Zero Day Microsoft Office Vulnerability can be Exploited with Macros Disabled

Microsoft has issued a security advisory and has provided workaround to prevent a zero-day vulnerability in the Microsoft Windows Support Diagnostic Tool (MSDT) from being exploited.

The vulnerability is tracked as CVE-2022-30190 and has been dubbed Follina by security researchers. According to Microsoft, “a remote code execution vulnerability exists when MSDT is called using the URL protocol from a calling application such as Word.”

Over the weekend, security researcher nao_sec found a Word document that was leveraging remote templates to execute PowerShell commands on targeted systems via the MS-MSDT URL protocol scheme. In a recent blog post, security researcher Kevin Beaumont said the documents are not being detected as malicious by Microsoft Defender and detection by antivirus solutions is poor as the documents used to exploit the vulnerability do not contain any malicious code. Instead, they leverage remote templates to download an HTML file from a remote server, which allows an attacker to run malicious PowerShell commands.

Most email attacks that use attachments for malware delivery require macros to be enabled; however, the vulnerability can be exploited even with macros disabled. The vulnerability is exploited when the attached file is opened. Beaumont also showed that zero-click exploitation is possible if an RTF file is used, as the flaw can be exploited without opening the document via the preview tab in Explorer.

Microsoft said if an attacker successfully exploits the vulnerability, malicious code can be run with the privileges of the calling application. It would allow an attacker to install programs, view, change, or delete data, or create new accounts in the context allowed by the user’s rights. The vulnerability can be exploited in all Office versions since 2013, including the current version of Office 365.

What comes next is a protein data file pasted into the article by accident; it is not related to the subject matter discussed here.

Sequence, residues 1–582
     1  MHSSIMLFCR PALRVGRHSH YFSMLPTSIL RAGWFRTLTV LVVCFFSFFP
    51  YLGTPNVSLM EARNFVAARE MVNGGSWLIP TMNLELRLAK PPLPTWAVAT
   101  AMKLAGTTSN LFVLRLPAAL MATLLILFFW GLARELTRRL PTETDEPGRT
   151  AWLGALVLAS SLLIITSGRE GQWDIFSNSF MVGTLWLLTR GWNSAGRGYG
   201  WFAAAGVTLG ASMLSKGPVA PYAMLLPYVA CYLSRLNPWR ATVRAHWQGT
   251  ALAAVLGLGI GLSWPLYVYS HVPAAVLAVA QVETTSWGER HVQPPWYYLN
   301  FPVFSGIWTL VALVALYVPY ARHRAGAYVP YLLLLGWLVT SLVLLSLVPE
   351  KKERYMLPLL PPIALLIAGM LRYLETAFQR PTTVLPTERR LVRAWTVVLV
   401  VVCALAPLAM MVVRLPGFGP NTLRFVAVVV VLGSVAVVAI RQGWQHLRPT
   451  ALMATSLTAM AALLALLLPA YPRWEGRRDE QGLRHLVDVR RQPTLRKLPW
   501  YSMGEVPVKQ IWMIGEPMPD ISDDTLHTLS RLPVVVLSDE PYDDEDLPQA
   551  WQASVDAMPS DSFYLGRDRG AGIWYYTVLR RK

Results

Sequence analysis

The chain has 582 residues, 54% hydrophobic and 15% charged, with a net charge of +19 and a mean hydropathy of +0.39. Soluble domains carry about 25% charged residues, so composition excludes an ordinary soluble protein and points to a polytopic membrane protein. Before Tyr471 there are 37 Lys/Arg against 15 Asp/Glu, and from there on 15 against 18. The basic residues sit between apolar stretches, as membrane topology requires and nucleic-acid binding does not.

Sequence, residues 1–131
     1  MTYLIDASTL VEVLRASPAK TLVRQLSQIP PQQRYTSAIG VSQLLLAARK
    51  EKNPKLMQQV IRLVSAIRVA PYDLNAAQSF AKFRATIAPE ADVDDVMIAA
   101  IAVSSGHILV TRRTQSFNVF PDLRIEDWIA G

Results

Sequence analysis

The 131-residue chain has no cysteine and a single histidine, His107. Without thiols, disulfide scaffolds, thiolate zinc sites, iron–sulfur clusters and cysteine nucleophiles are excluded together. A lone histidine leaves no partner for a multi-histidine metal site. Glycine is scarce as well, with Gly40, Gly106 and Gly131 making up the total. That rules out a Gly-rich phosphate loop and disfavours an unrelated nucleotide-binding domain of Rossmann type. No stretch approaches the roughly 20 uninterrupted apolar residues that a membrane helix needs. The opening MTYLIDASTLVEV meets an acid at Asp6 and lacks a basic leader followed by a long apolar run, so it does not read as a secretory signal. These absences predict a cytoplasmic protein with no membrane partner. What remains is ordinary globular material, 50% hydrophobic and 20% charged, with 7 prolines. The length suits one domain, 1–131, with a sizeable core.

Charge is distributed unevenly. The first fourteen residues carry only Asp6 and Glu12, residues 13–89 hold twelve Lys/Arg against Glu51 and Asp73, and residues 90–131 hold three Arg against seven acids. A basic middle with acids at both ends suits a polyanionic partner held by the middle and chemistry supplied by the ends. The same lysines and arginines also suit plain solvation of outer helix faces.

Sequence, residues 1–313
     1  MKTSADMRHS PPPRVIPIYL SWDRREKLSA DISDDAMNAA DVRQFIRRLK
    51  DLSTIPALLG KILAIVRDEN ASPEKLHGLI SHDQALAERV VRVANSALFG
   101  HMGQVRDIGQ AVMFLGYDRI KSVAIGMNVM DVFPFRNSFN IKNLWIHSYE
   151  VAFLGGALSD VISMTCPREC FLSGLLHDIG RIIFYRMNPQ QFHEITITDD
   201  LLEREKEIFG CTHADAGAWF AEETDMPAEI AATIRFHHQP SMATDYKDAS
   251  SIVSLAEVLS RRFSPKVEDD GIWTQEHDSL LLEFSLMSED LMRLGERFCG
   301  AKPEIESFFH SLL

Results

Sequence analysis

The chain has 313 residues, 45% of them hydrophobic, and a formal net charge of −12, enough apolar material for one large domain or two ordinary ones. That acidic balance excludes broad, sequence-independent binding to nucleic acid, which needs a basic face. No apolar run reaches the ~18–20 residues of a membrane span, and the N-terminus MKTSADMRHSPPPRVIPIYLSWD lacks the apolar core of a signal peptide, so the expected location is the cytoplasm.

The vulnerability was initially reported to Microsoft in April and the flaw was assigned a CVSS score of 7.8 out of 10 (high severity), as Microsoft did not consider the Follina vulnerability to be critical. Microsoft has now issued a workaround and guidance that involves disabling the MSDT URL Protocol until a patch is released. Immediate action is required to prevent the vulnerability from being exploited. Vulnerabilities that can be exploited via Office are rapidly adopted by threat actors, especially when they can be exploited with macros disabled. 0Patch has released free micropatches that address the Folina vulnerability, which can be applied in the interim until Microsoft releases an update.

Multiple threat actors are known to be exploiting the flaw, including the Chinese threat actor TA413, according to Proofpoint. According to Palo Alto Networks Unit 42 team, “Based on the amount of publicly available information, the ease of use, and the extreme effectiveness of this exploit, Palo Alto Networks highly recommends following Microsoft’s guidance to protect your enterprise until a patch is issued to fix the problem.

Author: Steve Alder has many years of experience as a journalist, and comes from a background in market research. He is a specialist on legal and regulatory affairs, and has several years of experience writing about HIPAA. Steve holds a B.Sc. from the University of Liverpool.